Pausing at Preston. The 1965 train used a different outbound route, from Wigan North Western - via Boars Head Jn, White Bear, Chorley, Cherry Tree and Blackburn to Hellifield and the Settle - Carlisle line, returning via the direct route over Shap and through Preston.
Portrait at Preston. Unlike many charters, no headboard with the name of the train was carried, but then neither did one appear on the 1965 version, which carried only the 'headcode' 1X80 and a small RCTS badge.
A stop for water on the goods line by Carnforth depot. Note the hose draped over two sidings and through the security fence to the road tanker visible on the left. An hour (10:44 to 11:46) was allowed for this operation.
Carnforth station, with interested members of the public in evidence.
The 1965 participants enjoyed a visit to Hellifield shed where some preserved locos were stored at that time. In 2006, there was a view of 34067 Tangmere ...
... and some diesels including 37 516 Loch Laidon in the West Coast Railways Carnforth depot ...
... and later a glimpse through the Sellafield high-security fence of DRS locos 57 003 and 37 059.
A further water stop was made at Sellafield station enabling participants to stretch their legs.
Again the watering had to be done by tanker, as the water crane no longer functions. Until 2011, steam specials from the south would commonly terminate at Sellafield, using a triangle of lines (similar to the one at Valley) belonging to British Nuclear Fuels to turn the loco for the return journey, but since then this has been considered to be a security risk.
The gloss finish of the loco seen to good effect at Sellafield. Charter trains via this route are not common, perhaps because the length of time needed - four hours from Carnforth to Carlisle including the water stop at Sellafield. Passengers in search of rare track do get to traverse the short Barrow-in-Furness avoiding line.
Flashback: A view by Harold Bowtell from the Manchester Locomotive Society archive showing 46115 at Hellifield on the 1965 train. See The Railtour Files for details of this and many other railtours.
Irish Journey - report by Alan Crawshaw
Rowan and I were booked on the weekend Irish Railway Record Society tour to celebrate the 70th anniversary of the IRRS and the 40th anniversary of the General Motors 071 class locomotives. This would have been our first opportunity to experience the reopened Western Rail Corridor section but our railtour jinx struck again in the form of storm Frank, the section between Limerick and Ennis is not expected to reopen until mid-May following the flood damage. With no option to cancel, we took the ferry on Friday, staying overnight before Saturday's 10:20 departure which left Dublin Connolly (above) on time behind 083.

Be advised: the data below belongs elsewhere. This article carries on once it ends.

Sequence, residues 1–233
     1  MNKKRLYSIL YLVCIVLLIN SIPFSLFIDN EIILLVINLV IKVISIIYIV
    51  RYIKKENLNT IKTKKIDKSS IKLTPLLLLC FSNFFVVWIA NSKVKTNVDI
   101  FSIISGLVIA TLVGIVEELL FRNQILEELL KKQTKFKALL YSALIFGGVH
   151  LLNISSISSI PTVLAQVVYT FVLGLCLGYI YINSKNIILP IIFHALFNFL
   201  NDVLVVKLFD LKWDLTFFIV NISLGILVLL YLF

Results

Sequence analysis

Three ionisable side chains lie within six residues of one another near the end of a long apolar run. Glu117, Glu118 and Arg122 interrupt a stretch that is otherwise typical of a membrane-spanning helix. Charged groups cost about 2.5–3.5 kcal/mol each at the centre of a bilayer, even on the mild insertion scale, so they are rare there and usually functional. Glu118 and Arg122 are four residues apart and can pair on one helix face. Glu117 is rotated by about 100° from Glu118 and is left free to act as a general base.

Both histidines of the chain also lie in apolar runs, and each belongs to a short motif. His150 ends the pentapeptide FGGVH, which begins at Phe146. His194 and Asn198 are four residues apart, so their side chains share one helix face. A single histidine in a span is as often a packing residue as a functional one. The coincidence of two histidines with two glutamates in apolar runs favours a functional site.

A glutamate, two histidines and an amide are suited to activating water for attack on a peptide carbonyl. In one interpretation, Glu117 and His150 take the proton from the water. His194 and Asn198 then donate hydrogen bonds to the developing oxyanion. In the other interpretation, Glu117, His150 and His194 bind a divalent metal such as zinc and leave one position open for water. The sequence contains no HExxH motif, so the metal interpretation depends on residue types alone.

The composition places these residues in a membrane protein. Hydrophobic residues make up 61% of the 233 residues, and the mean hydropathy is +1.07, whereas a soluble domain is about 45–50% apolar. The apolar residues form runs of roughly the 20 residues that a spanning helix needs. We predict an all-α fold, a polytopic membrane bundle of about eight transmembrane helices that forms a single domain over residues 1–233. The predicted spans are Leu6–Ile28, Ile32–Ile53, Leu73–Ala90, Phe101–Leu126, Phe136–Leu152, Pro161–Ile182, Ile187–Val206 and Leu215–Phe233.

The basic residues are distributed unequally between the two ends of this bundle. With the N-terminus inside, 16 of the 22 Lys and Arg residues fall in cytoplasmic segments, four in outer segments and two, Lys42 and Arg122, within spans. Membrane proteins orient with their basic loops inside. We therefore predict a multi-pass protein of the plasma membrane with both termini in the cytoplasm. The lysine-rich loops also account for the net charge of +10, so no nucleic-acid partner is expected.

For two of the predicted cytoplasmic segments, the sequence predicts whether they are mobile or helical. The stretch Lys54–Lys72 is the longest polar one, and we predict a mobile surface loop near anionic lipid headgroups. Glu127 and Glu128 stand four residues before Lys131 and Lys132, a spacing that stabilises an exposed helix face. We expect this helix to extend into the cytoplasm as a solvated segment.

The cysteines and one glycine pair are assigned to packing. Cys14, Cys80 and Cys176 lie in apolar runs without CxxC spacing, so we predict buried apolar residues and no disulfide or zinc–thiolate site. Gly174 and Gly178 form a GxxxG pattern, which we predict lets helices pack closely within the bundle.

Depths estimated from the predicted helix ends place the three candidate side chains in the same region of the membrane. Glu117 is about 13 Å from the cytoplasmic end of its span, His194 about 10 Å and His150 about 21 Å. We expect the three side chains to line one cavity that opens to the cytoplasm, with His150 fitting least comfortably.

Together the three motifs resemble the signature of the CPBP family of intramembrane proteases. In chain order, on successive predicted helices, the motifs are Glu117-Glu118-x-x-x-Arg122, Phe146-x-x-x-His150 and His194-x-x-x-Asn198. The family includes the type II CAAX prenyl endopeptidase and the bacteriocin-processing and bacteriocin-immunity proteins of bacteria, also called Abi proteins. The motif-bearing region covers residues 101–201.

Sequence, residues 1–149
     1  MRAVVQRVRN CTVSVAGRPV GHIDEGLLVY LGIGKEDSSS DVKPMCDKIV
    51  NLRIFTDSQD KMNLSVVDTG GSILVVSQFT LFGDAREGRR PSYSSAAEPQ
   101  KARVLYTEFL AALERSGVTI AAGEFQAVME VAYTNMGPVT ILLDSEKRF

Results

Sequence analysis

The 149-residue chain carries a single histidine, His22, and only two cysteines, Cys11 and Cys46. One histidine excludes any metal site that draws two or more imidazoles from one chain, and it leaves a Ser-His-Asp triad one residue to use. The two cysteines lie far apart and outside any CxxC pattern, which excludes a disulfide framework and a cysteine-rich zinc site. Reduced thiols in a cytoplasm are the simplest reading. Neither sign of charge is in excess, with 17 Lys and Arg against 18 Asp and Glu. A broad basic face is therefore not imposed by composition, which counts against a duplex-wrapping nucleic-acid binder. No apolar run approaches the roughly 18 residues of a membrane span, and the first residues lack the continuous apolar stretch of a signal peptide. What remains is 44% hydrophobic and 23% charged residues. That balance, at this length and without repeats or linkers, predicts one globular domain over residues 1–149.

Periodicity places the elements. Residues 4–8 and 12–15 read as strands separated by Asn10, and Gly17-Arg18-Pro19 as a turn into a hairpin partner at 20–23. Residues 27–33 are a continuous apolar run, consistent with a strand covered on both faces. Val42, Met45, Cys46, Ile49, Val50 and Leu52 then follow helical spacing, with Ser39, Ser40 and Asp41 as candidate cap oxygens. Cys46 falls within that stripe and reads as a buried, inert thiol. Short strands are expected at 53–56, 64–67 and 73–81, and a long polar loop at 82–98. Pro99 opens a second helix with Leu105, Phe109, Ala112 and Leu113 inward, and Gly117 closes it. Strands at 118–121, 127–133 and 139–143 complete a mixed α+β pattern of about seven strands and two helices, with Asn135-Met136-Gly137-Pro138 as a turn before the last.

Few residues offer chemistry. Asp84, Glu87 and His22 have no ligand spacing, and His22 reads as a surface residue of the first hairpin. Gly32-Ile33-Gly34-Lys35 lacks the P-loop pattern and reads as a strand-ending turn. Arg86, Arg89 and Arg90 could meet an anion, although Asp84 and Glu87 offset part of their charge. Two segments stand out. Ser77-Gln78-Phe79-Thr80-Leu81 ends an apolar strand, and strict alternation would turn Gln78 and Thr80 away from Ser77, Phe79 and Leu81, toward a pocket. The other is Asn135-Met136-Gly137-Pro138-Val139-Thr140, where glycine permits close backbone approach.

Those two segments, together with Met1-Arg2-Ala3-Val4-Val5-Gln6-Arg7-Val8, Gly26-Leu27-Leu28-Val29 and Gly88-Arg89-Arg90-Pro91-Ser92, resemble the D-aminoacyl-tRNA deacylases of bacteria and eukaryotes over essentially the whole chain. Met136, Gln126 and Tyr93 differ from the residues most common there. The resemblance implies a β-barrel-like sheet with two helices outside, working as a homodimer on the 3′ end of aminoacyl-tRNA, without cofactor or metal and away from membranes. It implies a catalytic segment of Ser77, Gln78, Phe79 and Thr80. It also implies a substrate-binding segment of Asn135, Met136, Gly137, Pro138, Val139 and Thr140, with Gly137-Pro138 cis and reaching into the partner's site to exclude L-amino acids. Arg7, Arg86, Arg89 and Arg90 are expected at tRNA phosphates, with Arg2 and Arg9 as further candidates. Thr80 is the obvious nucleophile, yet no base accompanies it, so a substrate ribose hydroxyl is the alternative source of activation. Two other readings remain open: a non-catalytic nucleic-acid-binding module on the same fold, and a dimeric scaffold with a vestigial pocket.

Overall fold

We had to alight at Ballybrophy (above) for the train to continue on to run round at a quarry siding as such facilities have been removed at the station, this was to allow us to reach Limerick via the slow single track line through Nenagh. This has been starved of investment, the sparse service and speed restrictions deter passengers and the line is under threat of closure. It's a delightful trundle for the enthusiast.
Limerick is a terminus station, a convenient place to change locomotives so 083 was detached for 076 to take us back out and onto Cork where it ran round for an evening ride for the overnight stay in Killarney.
There was a choice of a Sunday lie in or an 08:35 ride to Tralee and back, luckily our hotel served breakfast from 07:30 so we were able to eat first. The temperature was only 2Ί C with a severe wind chill making it feel colder than my visit to Iceland in March last year. We returned to pick up the late sleepers at Killarney (above) then on through the snowfields of Kerry to Limerick Junction with a half hour layover to allow service trains to pass before ...
... we could gain the line to Waterford (above) via Tipperary which sees only two daily service trains in each direction, none on Sunday.
077, seen above at Killkenny, took over at Waterford but was in charge for less than an hour, 079 taking over at Kilkenny to bring us back to Dublin, saving another locomotive run-round. Such manoeuvres are more difficult following the removal of such facilities at stations which are now served only by railcars.
Above, 079 pauses at Athy en route to Dublin Connolly where we arrived on time soon after 19:00, an enjoyable tour with congenial company.
After an overnight stay in the capital we spent a very interesting morning visiting Kilmainham Gaol, which enhanced my understanding of Irish history, returning home on the 15:10 Stena ferry and the 19:21 Arriva service from Holyhead.
There's an interesting piece on the Western Rail Corridor on the Irish Times website.
Mixed trains on the Cambrian
Thanks to all who responded to our question about the use mixed trains on the Cambrian lines in British Railways era, as portrayed in the recent Llangollen Railway gala. The picture above, by Chris Jones-Bridger and re-produced from our 11 April special issue, shows the train in question. One point noted by correspondents concerns the open wagon in the train which is painted grey (rather than bauxite brown like the other wagons), a colour which at the time portrayed indicated that the wagon was not fitted with hand-braked only and no vacuum brakes. If so, then passengers would not be allowed to travel in the coach at the rear as its brakes would have been rendered inoperative by the lack of a through vacuum connection from the loco. Comments from Llangollen insiders welcome.